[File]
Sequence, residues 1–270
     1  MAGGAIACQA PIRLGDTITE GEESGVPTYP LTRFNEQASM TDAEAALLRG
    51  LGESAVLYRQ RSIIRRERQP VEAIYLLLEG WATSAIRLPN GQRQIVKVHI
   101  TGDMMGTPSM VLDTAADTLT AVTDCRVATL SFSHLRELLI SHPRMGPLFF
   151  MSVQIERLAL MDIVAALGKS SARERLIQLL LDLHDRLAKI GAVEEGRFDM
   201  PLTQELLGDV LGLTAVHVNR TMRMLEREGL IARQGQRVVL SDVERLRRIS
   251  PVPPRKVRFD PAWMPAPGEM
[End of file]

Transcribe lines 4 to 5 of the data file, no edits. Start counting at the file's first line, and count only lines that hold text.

   101  TGDMMGTPSM VLDTAADTLT AVTDCRVATL SFSHLRELLI SHPRMGPLFF
   151  MSVQIERLAL MDIVAALGKS SARERLIQLL LDLHDRLAKI GAVEEGRFDM